One of the things I love about bookshops in Scotland is that they always seem to have a Scottish books section (Irish bookshops I've been in do the same, and I assume Welsh bookshops do too - the local interest section that English bookshops sometimes have is not quite the same thing) where I almost always find something interesting. In Edinburgh at New Year I found 'Scottish Traditional Tales' which looked like it would be an excellent addition to my growing folk and fairy tales collection. It is, and I've been dipping in and out of it ever since.
This book represents fifty years of research from the school of Scottish studies at Edinburgh university, and contains almost a hundred stories. They've come from a variety of sources including the Hebridean Gaelic tradition, Lowland cairds (travelling people), Shetland, Orkney - and basically all over Scotland. It was the Shetland stories that made this a book I had to take home with me there and then, but my particular local interest aside it's a proper treasure trove of interesting things.
The stories are arranged thematically, starting with children's tales. There are only eight the editors think were specifically meant for young children, the rest would have been shared with an older audience wherever people gathered together and going late into the night. Other categories include fortune tales, hero tales, trickster tales, 'other cleverness, stupidity, and nonsense', fate morals and religion, origin and didactic legends, ghost stories, fairies and sea folk, witchcraft, and robbers and clan feuds. Some of these, specifically the clan feuds and the origin legends are truly local, but many are variations on folk tales that span the world and can be traced in one form or another across thousands of years.
Stories from Shetland and the Hebrides are particularly well represented thanks to the tradition of gathering together in people's houses of an evening to work and tell stories surviving rather longer there than in other parts of the country. Curiously it's a custom that seems to have died out in Orkney sometime before it did in Shetland where it seems to have been common practice at least until the Second World War. Even after that the flavour of these stories is familiar to me from my early childhood in the 1970's, but by then they were definitely stories to entertain children with and maybe told in a different way.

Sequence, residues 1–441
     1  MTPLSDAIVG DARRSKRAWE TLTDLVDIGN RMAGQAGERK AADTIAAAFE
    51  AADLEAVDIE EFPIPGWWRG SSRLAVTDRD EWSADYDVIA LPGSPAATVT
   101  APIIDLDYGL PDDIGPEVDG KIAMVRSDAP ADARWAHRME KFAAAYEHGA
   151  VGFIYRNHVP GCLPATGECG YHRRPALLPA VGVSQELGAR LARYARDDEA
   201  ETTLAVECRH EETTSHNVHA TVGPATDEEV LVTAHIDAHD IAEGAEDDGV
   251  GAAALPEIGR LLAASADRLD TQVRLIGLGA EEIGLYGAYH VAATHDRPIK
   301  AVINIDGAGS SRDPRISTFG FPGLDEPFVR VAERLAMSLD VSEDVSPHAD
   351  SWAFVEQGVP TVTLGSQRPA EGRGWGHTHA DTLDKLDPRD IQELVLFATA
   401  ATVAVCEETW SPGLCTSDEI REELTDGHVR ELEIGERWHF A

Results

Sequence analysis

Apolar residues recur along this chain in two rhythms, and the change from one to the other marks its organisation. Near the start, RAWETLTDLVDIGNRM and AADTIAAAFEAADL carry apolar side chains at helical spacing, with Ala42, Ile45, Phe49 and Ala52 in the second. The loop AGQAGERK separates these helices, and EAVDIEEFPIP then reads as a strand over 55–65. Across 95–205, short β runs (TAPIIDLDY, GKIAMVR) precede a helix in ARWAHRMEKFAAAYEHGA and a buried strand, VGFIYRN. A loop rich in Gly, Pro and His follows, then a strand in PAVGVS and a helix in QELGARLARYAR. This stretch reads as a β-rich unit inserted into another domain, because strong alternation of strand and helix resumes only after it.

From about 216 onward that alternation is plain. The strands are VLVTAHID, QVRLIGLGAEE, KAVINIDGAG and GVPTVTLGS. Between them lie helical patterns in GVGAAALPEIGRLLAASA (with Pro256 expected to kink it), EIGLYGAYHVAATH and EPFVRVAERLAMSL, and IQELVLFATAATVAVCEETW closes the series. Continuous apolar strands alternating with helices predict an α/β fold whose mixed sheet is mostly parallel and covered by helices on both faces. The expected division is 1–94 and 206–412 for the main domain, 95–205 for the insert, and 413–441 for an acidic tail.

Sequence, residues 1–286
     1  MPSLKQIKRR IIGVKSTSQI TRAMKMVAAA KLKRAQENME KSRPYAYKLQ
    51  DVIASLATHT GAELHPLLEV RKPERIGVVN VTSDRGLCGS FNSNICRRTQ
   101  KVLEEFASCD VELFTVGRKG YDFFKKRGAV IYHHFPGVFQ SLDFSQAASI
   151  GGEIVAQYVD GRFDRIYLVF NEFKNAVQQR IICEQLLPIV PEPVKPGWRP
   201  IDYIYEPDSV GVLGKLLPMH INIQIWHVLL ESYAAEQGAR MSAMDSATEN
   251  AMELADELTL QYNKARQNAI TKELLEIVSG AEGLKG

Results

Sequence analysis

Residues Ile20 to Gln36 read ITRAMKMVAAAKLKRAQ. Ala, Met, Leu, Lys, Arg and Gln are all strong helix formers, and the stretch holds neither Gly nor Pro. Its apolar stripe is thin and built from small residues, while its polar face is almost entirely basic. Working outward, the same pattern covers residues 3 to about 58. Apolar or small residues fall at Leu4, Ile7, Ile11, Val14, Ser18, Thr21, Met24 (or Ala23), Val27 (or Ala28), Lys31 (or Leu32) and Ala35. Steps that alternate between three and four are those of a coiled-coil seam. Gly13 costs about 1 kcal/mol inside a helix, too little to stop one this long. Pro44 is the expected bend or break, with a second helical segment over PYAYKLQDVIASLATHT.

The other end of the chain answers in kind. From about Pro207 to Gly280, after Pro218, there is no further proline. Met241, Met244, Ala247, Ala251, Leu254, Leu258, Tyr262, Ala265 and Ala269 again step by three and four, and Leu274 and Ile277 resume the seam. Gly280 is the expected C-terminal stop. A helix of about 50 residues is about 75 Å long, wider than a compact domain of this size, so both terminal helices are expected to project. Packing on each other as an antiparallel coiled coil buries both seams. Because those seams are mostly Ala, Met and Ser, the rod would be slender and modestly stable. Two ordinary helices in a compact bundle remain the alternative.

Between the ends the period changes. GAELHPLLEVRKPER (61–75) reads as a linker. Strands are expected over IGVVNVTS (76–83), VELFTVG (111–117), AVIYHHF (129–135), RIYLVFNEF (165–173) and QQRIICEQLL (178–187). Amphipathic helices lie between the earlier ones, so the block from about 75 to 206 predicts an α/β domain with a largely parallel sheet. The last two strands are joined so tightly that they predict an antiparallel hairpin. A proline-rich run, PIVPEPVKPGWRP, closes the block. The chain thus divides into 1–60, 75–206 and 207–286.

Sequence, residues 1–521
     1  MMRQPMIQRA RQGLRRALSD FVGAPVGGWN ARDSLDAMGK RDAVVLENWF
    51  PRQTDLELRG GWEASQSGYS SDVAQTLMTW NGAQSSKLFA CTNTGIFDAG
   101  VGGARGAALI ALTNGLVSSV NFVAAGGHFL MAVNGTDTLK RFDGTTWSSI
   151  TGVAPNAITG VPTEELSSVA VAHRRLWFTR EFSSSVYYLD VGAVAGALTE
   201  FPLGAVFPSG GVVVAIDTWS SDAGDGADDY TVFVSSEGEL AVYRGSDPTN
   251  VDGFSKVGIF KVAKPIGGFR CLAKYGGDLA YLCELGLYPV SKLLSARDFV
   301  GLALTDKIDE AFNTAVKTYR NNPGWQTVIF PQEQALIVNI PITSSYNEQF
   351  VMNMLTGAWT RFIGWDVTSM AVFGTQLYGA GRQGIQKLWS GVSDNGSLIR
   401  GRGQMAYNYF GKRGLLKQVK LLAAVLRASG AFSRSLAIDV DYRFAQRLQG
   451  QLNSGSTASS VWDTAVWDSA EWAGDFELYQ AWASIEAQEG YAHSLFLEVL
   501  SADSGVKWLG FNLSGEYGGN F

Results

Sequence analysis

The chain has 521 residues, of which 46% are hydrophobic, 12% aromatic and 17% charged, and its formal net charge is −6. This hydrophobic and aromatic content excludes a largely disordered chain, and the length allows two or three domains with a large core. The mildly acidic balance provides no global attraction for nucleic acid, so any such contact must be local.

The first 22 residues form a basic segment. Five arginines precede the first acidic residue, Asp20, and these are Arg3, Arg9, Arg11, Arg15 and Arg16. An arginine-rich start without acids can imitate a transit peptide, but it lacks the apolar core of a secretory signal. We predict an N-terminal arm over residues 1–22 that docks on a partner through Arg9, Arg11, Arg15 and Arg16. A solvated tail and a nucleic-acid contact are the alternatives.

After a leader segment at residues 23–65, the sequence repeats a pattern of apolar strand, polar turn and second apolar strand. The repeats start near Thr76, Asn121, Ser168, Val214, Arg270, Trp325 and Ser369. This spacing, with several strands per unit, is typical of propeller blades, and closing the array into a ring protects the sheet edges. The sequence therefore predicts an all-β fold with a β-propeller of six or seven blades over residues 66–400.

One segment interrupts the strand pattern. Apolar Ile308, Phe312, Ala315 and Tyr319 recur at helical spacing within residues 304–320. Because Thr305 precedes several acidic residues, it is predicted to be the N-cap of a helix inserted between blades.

There's something particularly fascinating in the way that stories evolve as they move from place to place, but also in the details that don't change. For example, however Scottish the hero may be in any tale that involves a giant, the giant always smells the blood of an English man. However, a story from Barra called 'The Fox and The Wolf and the Butter' itself a variation of a European tale which features a Bear and a Wolf, becomes 'The Cats and the Christening' in Shetland (where neither wolves, foxes, or bears feature in the local fauna).
There's an excellent and interesting introduction, and thorough notes for each story at the back of the book (something I appreciated, footnotes would have been distracting). There's also an effort to retain the voice of the story tellers, either by sticking to the dialect they spoke, or in the case of the translated Gaelic tales by trying to keep the rhythm of the them in the English version.
And that's the joy of the Scottish books section - it allowed me to find something that might otherwise have lurked in the relative obscurity of social history, or similar, where I am not in the habit of generally browsing.